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THE DEMOCRATIC CONVENTION

Free Rock Concert Set at Protest Site

August 12, 2000|GEOFF BOUCHER and BETH SHUSTER | TIMES STAFF WRITERS

Rage Against the Machine, one of the nation's most acclaimed rock bands, plans to bring the "Battle of Los Angeles"--the title of the group's platinum album--to the Democratic National Convention for a free concert Monday night in the designated protest zone across the street from Staples Center.

The Los Angeles quartet, famed for its political bent and the sonic assault of its rap-rock, plans the free concert at Figueroa and 11th streets. President Clinton is scheduled to address the convention inside Staples about the same time.

The Los Angeles Police Department is "gravely concerned" about Monday's concert because the popular band could attract a volatile crowd prone to dangerous behavior, said LAPD Cmdr. Dave Kalish.

Police watched nervously late Friday afternoon as three truckloads of stage and sound gear were unloaded at the protest site. The show also will feature Ozomatli, an East Los Angeles-based group that fuses traditional Afro-Latin styles with funk, a knotty hip-hop sound and rock.

The band does not need a special city permit to hold its concert in the designated protest zone because a federal judge recently approved that area as an open demonstration site.

"It appears the [concert] organizers are taking advantage of the situation," Kalish said. "We're gravely concerned because of security reasons--just the large numbers of individuals that this will bring out."

The department will not deploy additional officers to the area but will issue earplugs to police, Kalish said. LAPD Cmdr. Tom Lorenzen, who oversees the Police Department's convention planning unit, said the department will "wait and watch and then react."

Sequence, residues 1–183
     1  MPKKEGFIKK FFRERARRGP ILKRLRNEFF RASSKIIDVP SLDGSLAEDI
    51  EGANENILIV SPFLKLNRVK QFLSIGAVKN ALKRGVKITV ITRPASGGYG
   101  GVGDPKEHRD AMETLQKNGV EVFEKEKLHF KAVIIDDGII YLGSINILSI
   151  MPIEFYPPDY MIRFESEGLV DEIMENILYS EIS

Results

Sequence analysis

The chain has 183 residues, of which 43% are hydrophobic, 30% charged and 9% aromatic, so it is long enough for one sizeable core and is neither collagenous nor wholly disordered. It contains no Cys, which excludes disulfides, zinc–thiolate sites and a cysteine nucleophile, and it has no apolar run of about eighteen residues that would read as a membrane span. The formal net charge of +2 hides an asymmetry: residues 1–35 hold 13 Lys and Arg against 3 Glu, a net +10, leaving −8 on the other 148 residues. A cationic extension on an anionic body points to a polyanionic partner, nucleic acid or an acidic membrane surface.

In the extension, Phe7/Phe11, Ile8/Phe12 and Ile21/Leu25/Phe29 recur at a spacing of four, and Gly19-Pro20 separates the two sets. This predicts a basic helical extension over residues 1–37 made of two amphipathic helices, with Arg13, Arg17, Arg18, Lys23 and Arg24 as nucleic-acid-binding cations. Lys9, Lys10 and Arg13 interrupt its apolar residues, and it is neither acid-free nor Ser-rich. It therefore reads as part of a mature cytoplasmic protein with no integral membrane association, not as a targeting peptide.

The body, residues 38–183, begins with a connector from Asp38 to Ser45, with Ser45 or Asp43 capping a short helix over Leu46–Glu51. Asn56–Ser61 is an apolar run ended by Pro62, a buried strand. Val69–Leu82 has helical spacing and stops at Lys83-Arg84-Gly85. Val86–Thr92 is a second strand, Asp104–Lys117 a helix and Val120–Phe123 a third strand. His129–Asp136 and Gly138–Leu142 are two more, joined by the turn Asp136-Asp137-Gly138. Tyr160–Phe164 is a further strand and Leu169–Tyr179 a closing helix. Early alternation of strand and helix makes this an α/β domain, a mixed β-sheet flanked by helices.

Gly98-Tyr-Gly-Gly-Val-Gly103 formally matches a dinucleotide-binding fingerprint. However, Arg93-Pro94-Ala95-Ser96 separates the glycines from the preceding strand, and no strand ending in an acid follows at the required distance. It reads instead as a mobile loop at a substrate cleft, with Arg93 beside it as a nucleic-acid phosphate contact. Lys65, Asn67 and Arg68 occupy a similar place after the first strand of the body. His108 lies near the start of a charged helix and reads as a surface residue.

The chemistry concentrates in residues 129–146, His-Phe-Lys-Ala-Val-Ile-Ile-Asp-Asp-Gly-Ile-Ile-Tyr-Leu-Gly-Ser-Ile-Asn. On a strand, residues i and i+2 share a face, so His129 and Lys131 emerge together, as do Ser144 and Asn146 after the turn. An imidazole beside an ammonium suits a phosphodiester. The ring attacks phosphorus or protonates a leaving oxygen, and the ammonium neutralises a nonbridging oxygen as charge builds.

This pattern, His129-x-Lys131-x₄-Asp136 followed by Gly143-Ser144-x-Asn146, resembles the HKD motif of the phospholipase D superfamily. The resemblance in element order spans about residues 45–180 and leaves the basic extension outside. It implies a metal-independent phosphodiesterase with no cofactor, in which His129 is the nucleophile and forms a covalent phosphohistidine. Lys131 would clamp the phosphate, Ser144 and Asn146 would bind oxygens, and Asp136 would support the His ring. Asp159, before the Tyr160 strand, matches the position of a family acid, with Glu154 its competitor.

Peter Hidalgo, a spokesman for Mayor Richard Riordan, said he believes protest organizers D2KLA reserved the time for the concert at the protest site. He said city leaders would not--and could not--censor any protected speech in that area.

"We are confident that our demonstrators throughout the week will be 99.9% peaceful," Hidalgo said. "We are confident that this group will maintain that same civil order and at the same time offer entertainment to an audience that is listening to what this group has to say."

The band's Web site encourages civil disobedience to draw attention to societal ills, and guitarist Tom Morello said the band weaves political awareness through its music.

"We've always been about making our audience more conscious of the world around them and not blindly accepting what is forced on them," he said. "Our country was born of revolution over an oppressive and violent dictatorship that was robbing freedom, and when we see those elements in our society and government today we feel its our obligation to use our 1st Amendment right to point them out."

Although the band's shows are noted for their intensity--mosh pits and aggressive dancing are staples of the performances--Morello said the LAPD's concerns are misplaced.

"We're a rock band; we make CDs," he said. "We're certainly not the danger to society that the rogue elements of the LAPD are. . . . We don't beat homeless people, we don't steal, we don't kill people."

He said the 13-foot-high fences that have been installed around Staples Center for the convention are a metaphor for the political party's distance from workaday voters. "There's precious little democracy going on inside the pointy metal, so we're going to play for the people kept outside," he said.

Rage's third and most recent album, last year's "The Battle of Los Angeles," has sold nearly 2 million copies and earned critical plaudits for its political and social commentary, delivered with a blistering guitar sound.

The group has championed numerous causes, from the push for a retrial of convicted cop-killer Mumia Abu-Jamal to decrying U.S. military policies, worker exploitation and capitalistic culture.

Indeed, much of the band's music plays out as a call to action, and the group has cited Malcolm X and his famed tenet of "by any means necessary" to achieve political advancement.

One example is the song "Guerrilla Radio" from the "Battle of Los Angeles" disc. Front man Zack de la Rocha sings:

It has to start somewhere.

It has to start sometime.

What better place than here?

What better time than now?

Then he screams the chorus: "All hell can't stop us now."

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